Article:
Figure 5. Diffusion and stability of DPA in the pear trunk. (A) Extraction of samples from DPA-treated branches in pear trees. DPA treatment was carried out by spraying a 12 mM DPA solution (300 mL) on the pear branches. (B) Concentration of DPA in pear bark over time. (C) Concentration of DPA in pear phloem over time. The obtained results indicated that DPA can cross the pear bark and shows high stability in the pear bark. Ten samples were collected for each time point. Significance levels at ***P < 0.001, ****P < 0.0001, and no significance (ns).
The curative and preventive abilities of DPA to reduce the symptoms of V. pyri in wounds of pear trunks were examined. To achieve this goal, V. pyri conidia was used in the inoculations. The disease advancement in the trunk was measured according the produced lesion length in 2-year Cuigan pear trees (Figure 6 and Supplementary Figure S8). Interestingly, DPA at 12 mM concentration could reduce the lesion length by 79% in curative applications; whereas, in preventive applications, DPA reduced the lesion length by 90%. Thus, the obtained results demonstrated that DPA is an efficient agent for the biocontrol of Valsa canker.
Figure 6. Symptoms of Valsa canker, caused by V. pyri, in wounds of Cuigan pear trees. (A) Canker lesion length after inoculation of V. pyri conidia. DPA treatment was performed by spraying a DPA aqueous solution (12 mM). Water was sprayed in the control experiment. (B) Images of the symptoms of Valsa canker after application of DPA (12 mM). Both curative and preventive efficacies of DPA were examined. The obtained results indicated that DPA can reduce the symptoms of Valsa canker, achieving the highest inhibitory activity in preventive applications. Thirty inoculation sites were studied for each condition. Significance levels at *P < 0.05, and **P < 0.01.
The biosynthetic pathway of DPA in B. subtilis is well known, and consists of the dihydropicolinic acid synthase-catalyzed condensation of pyruvate and L-aspartyl-β-semialdehyde to give 2,3-dihydrodipicolinic acid, which is then transformed into DPA via DPA synthetase (Chasin and Szulmajster, 1967). The DPA synthetase is encoded by the spoVF operon. DPA has been mainly related to the formation of Bacillus spores since DPA composes from 5 to 15% of the dry weight of the spores (Rao et al., 2016; Barak, 2017). It must be remarked that, although DPA is a common metabolite in B. subtilis strains, the antifungal activity of DPA was not reported in previous studies.
Although the detected concentration of DPA in wild-type B. subtilis 168 secretions (0.24 mM) was lower than the minimal inhibitory concentration (5 mM), previous reports have demonstrated that recombinant B. subtilis 168 strains can produce high amounts of DPA (>5 mM), indicating that B. subtilis 168 is an interesting tool for DPA production. In this sense, the replacement of the spoVFA promoter with another highly expressed promoter, spoVG, in B. subtilis vegetative cells, together with improving the medium composition, increased DPA production up to 170 mM (Takahashi et al., 2015). Toya et al. (2015) reported that the replacement of the spoVFA promoter and simultaneous deletion of acetoin synthesis genes (alsSD) led to 30 mM DPA after 40 h of fermentation in synthetic medium. In contrast with our results, Takahashi et al. (2015) indicated that DPA was not detected in the culture medium when using wild-type B. subtilis 168. Although the detection limit of the analysis method was not described, the lowest DPA concentration reported in that article was 1.26 mM when using recombinant strains. Here, DPA was found at lower concentrations using wild-type B. subtilis 168, indicating that the wild-type bacteria is also able to produce small amounts of DPA when using standard fermentation conditions.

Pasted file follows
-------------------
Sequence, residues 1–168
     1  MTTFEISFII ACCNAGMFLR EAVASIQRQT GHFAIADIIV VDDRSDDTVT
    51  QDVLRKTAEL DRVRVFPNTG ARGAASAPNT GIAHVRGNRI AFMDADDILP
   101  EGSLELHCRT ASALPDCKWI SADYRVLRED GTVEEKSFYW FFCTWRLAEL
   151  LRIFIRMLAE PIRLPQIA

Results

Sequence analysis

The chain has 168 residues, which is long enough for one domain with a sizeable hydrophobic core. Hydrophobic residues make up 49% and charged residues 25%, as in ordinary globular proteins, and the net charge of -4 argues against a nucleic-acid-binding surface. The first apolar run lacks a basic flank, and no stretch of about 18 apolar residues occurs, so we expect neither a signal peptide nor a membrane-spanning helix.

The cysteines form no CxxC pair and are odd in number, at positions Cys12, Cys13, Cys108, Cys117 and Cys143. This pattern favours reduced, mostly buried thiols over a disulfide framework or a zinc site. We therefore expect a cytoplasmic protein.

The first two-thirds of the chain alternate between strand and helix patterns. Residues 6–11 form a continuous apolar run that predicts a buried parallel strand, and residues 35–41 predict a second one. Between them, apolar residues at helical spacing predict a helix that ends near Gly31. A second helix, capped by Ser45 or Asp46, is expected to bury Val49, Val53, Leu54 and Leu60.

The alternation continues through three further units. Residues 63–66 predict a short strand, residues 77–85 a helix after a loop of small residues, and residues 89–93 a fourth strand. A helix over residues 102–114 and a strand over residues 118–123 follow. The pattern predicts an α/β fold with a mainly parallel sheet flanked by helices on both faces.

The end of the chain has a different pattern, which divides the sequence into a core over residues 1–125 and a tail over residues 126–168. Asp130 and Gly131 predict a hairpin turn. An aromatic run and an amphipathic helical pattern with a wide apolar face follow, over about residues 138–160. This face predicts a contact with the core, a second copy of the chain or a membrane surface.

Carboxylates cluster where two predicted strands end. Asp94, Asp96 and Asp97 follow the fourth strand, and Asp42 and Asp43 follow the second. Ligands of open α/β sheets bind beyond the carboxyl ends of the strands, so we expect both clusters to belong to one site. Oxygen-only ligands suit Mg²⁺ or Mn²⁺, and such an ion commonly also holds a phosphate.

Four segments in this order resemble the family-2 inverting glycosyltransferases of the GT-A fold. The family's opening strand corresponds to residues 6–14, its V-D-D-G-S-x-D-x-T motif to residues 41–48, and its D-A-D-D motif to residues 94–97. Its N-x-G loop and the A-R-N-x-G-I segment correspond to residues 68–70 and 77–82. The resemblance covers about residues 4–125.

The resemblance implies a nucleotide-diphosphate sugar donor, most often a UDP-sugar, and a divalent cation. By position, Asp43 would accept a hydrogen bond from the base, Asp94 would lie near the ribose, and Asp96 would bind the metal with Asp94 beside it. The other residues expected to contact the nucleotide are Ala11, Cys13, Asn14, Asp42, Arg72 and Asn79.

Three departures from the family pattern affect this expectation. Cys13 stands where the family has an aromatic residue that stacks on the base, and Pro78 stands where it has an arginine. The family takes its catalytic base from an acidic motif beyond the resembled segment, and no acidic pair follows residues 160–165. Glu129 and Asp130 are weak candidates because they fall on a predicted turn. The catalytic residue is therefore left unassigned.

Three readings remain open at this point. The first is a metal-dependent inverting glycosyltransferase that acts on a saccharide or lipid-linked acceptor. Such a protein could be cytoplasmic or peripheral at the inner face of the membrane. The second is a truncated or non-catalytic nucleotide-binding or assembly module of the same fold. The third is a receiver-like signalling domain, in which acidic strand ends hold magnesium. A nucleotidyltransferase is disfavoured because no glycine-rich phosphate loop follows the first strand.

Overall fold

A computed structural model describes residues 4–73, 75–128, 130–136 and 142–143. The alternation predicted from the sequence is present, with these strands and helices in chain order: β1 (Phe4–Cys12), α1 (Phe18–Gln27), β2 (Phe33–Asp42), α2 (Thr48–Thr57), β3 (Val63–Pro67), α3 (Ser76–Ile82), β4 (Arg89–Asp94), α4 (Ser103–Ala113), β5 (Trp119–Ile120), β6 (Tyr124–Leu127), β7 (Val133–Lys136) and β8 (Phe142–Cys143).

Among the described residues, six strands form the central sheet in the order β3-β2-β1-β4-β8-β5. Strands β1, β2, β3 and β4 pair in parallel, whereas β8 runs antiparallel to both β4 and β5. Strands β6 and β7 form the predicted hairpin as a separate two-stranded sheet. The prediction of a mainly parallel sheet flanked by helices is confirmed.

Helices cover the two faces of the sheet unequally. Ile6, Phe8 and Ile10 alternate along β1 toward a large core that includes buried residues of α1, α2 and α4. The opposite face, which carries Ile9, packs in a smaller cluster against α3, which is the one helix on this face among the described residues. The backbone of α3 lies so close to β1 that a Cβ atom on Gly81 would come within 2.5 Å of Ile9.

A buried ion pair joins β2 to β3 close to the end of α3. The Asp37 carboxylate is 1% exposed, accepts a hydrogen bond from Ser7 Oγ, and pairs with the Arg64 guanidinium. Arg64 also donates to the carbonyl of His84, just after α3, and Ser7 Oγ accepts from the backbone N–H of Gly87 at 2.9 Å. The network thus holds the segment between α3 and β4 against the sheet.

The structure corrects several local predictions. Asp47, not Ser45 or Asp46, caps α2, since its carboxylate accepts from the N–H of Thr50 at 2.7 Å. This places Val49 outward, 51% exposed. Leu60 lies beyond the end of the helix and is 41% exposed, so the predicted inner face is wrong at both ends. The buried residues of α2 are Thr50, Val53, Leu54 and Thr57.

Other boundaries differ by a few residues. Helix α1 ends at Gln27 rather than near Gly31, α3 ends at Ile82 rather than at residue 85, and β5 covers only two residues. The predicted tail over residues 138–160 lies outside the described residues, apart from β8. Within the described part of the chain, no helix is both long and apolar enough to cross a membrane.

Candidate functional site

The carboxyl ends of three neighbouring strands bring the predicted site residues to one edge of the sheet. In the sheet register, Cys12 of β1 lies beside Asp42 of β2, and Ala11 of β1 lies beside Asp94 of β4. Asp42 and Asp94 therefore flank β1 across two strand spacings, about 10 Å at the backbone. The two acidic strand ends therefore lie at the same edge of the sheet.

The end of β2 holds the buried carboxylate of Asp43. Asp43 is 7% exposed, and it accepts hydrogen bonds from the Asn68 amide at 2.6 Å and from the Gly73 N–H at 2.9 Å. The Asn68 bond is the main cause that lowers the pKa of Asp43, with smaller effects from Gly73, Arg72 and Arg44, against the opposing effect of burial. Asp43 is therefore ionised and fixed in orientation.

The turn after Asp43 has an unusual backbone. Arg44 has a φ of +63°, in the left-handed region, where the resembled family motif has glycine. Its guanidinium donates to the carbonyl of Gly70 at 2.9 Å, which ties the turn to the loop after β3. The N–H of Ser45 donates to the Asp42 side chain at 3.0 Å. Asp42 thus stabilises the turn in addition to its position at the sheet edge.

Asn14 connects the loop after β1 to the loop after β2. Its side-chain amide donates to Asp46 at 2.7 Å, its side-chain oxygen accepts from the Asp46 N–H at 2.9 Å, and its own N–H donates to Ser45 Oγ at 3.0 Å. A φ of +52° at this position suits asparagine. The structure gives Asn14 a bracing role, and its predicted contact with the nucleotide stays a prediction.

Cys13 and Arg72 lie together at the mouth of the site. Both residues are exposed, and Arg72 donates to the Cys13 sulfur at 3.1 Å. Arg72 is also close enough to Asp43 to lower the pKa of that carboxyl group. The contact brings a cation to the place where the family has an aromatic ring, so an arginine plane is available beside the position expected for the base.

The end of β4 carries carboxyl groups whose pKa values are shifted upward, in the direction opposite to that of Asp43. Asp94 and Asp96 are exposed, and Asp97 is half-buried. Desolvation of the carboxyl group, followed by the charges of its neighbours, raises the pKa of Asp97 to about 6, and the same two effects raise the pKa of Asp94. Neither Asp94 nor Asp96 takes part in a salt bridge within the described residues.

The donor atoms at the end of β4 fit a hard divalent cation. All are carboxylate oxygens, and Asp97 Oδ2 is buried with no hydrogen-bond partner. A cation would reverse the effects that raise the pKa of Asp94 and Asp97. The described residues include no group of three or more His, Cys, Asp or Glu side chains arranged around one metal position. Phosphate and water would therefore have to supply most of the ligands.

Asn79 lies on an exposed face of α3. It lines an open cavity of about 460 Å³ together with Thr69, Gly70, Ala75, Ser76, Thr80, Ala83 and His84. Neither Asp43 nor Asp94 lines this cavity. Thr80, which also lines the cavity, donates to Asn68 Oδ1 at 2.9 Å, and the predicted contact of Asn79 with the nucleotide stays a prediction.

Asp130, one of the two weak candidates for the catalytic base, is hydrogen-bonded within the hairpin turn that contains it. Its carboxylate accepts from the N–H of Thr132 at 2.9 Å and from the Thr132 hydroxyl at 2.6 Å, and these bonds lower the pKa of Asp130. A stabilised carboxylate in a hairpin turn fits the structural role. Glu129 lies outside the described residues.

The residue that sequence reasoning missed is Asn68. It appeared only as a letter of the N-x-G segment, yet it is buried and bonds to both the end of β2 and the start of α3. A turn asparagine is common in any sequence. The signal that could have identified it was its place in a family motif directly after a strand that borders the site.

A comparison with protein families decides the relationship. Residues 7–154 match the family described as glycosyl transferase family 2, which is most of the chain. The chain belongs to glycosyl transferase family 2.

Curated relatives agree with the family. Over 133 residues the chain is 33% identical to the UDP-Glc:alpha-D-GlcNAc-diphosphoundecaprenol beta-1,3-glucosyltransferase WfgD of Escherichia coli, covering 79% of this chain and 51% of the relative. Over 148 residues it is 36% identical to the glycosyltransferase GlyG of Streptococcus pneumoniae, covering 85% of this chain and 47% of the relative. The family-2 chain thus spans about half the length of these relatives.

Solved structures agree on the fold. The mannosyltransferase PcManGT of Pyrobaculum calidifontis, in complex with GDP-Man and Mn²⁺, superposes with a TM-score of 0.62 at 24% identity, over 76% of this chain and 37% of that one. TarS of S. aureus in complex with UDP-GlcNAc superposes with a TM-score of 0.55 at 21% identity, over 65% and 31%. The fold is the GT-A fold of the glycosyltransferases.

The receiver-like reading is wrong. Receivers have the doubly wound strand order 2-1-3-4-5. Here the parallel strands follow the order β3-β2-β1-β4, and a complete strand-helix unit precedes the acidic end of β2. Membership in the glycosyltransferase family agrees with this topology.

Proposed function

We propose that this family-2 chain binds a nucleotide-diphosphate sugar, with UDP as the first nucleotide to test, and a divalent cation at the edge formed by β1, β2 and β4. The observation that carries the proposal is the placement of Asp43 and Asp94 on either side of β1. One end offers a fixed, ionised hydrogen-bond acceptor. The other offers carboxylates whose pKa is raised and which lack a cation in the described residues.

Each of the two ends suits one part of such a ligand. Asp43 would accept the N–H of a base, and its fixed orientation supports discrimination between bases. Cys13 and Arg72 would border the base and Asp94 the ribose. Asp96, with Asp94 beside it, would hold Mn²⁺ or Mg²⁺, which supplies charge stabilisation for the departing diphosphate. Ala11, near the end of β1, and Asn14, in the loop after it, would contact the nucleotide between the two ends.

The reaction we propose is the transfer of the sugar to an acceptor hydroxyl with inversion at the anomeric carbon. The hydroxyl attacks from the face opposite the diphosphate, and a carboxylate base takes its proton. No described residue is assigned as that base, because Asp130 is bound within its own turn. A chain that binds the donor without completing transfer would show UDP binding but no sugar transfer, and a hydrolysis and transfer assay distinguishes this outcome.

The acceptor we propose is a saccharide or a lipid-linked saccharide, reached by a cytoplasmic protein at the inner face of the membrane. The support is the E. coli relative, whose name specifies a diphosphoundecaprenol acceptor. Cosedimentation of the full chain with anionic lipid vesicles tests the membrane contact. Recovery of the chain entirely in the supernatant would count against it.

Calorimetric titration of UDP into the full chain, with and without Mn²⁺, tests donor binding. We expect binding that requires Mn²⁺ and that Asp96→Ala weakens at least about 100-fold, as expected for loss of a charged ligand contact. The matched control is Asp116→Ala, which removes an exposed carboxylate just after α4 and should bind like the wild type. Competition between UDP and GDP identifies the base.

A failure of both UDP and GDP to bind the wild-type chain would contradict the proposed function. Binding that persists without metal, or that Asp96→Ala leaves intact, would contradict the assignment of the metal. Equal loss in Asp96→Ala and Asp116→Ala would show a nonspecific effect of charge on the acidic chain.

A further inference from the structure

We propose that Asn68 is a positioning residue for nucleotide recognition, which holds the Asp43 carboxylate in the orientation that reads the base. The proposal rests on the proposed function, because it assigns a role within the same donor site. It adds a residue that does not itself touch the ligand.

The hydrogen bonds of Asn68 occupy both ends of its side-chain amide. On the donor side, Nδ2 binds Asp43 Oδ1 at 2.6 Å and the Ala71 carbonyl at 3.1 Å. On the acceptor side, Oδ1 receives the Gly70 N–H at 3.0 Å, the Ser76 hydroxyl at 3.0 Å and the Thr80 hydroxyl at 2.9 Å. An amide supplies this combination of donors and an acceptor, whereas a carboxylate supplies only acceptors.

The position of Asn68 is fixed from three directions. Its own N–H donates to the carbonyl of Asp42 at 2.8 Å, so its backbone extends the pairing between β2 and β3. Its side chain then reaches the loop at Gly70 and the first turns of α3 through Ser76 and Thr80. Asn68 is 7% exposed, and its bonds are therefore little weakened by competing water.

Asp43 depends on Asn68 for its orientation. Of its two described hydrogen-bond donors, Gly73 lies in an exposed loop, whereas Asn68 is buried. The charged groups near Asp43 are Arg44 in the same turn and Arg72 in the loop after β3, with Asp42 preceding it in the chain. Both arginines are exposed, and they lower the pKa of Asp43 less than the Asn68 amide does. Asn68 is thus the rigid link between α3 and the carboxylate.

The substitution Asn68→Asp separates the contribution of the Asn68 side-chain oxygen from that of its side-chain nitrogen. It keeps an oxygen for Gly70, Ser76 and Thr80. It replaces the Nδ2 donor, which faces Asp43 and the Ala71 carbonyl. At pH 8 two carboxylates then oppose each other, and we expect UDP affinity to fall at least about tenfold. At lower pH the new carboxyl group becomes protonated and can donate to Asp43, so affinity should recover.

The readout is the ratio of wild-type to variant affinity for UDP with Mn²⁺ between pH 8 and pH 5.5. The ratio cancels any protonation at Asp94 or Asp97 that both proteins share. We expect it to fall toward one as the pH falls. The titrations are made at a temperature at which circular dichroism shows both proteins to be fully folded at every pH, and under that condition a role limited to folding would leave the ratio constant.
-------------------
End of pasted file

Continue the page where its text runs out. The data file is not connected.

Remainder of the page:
DPA showed strong antifungal activity against hazardous canker pathogens, including A. alternata, B. dothidea, R. solani, and V. pyri. A. alternata was reported to cause stem canker in tomato plants, whereas potato stem canker is caused by R. solani (Tsror, 2010; Shao et al., 2019). B. dothidea and V. pyri are able to produce canker disease in apple and pear trees (Zhai et al., 2014; Yin et al., 2015). The obtained results indicated that DPA is producing V. pyri apoptosis via inhibition of chitin biosynthesis. In filamentous fungi (such as V. pyri), chitin comprises up to 15% of the cell wall mass. Chitin is connected by covalent and ion bonds to other polysaccharides, pigments and proteins, conferring rigidity. As observed in DPA-treated V. pyri, low chitin concentrations have been reported to induce osmotic cell lysis in different fungal species, such as S. cerevisiae or Aspergillus nidulans (Takeshita et al., 2006; Luu et al., 2019). Several antifungal agents are known to block fungal growth via inhibition of chitin biosynthesis, and this fact has been used to combat fungal pathogens in agriculture and forestry (Merzendorfer, 2013). For example, chitin biosynthesis inhibitor polyoxin D is commercially available and has been extensively used for the management of rice sheath blight in Japan (Merzendorfer, 2013). Cyclopentene-1,3-dione was identified in Acca sellowiana and was shown to inhibit chitin biosynthesis in Candida spp. (Mokhtari et al., 2018). Phenazine-1-carboximade inhibited the mycelial growth of R. solani by inhibiting the activity of the chitin synthases (Yu et al., 2018).
The inhibition of the β-1,3-glucan synthases in A. infectoria using caspofungin resulted in the upregulation of the chitin synthases as a compensatory effect (Fernandes et al., 2014). The compensatory effect between chitin and glucan synthases was also observed in Candida albicans and Aspergillus fumigatus (Fortwendel et al., 2009). The obtained results indicated that DPA is inducing the upregulation of VpGS2 and, at the same time, the downregulation of chitin synthases and chitin deposition genes. The upregulation of VpGS2 must be produced in V. pyri as a compensatory effect of chitin biosynthesis inhibition.